Headline Compass

What if route planning wasn’t focussed on the fastest, or the most efficient route? What if a detour wasn’t a drawback, but a feature? This research project explores a community-driven approach to route creation – and showcases the findings in a mobile app that aggregates location-based data for a more intuitive planning experience.

My roles
UX Research
UX Design
A hand holding a futuristic smartphone. The screen shows the route creation flow in the Compass app

Planning a route, be it for a road trip or a longer bike ride, can be a tedious process. It involves finding inspiration on social media or blogs, using documents or a bookmark manager to collect everything in a central place, and then leveraging online mapping services to calculate the actual route. The current experience is fragmented, involving a lot of back-and-forth between a broad variety of services. AI tools like Google Gemini or ChatGPT make the user's life a little easier by quickly aggregating information from around the web. However, they mostly provide one-shot text answers that fail to capture the joy of discovering and exploring new places.

Compass aims to solve this by connecting location-based fragments from around the web to create personal routes.

The core of the service is a 4-directional feed that mimics a compass and allows the user to explore and save new route fragments based on their location.

A hand holding a futuristic smartphone. The screen shows a route created with the Compass app

Compass generates routes that reflect the user's collected content and a set of personal preferences like length, difficulty, or setting.

A route created with the Compass service

Route planning

Unlike other route planning services Compass doesn’t put the map front and center, but rather presents routes in a more visual way. Maps still exist, but they mostly serve as a way to confirm the final route. So instead of moving around rather abstract pins on a map, the user can add or remove individual route fragments, thereby altering the experience in a tangible way. Compass' ultimate goal was to deliver a quick and automated approach to route planning while always allowing the user to understand and tweak the data points involved.

A hand holding a futuristic smartphone. The screen shows a user profile in the Compass app

Divided into four distinct sections, the app enables the user to quickly switch between collecting new fragments and organizing them into routes.

While the approach to route planning is highly unique, organizing and sharing content relies on patterns also found in other content aggregation services. This creates familiarity and strikes a balance with more experimental features like the eponymous compass.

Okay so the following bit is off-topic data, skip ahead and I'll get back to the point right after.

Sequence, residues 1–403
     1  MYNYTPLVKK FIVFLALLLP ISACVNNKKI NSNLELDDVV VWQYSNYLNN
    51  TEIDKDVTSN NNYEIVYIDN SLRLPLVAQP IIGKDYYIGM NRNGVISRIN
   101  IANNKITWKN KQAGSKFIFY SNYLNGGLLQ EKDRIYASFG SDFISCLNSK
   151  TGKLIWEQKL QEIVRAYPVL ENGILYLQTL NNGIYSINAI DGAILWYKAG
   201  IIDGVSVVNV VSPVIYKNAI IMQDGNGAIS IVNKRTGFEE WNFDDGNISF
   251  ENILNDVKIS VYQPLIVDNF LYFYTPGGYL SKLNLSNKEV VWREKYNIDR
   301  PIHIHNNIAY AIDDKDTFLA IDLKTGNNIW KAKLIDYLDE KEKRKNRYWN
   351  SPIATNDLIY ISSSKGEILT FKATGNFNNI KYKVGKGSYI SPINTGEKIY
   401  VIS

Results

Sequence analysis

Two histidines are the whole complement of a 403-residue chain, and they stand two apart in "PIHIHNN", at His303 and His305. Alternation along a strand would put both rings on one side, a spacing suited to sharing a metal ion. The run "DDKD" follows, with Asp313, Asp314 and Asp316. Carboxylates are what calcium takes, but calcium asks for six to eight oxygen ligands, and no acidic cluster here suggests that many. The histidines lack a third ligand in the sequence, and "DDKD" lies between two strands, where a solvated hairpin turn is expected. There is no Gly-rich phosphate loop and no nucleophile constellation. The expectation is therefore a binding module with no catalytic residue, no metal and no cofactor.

A screenshot of the Compass appA screenshot of the Compass appA screenshot of the Compass app
A service ecology map for an early version of compass


The Compass mobile app is embedded into a broader research project and only showcases a fraction of the actual findings. This multi-quarter effort utilized both quantitative and qualitative research methods to define a new approach to route planning. To make the process more tangible, I visualized my findings using stakeholder maps, customer journey maps, prototypes, blueprints, and other service design tools.  A selection of visual fragments from this process is included below, with the full research process available on my Medium channel (German-only).

A graphic for a service experience that was explored as an alternative to Compass. The graphic shows a car on 3-dimensional fragmented road. The title reads 'Rent A Story'
A service blueprint for an early version of Compass


The product direction significantly evolved throughout the research phases, transforming from a stationary car-brand-specific service offering into the final mobile app it is today. The visuals showcased here offer a glimpse into the various approaches and product names my work explored throughout the project. And as previously mentioned: while the app itself is a key outcome of the design process, a considerable portion of my effort focused on understanding potential customers and markets through interviews, shadowing sessions, and other research tools.

A graphic for a service experience that was explored as an alternative to Compass. The graphic shows fragments of a city arranged in a grid. The title reads 'Hidden Cities'
A graphic showing the targeted user groups for an early version of Compass
A STEEP analysis for an early version of CompassA user journey map for the Compass project

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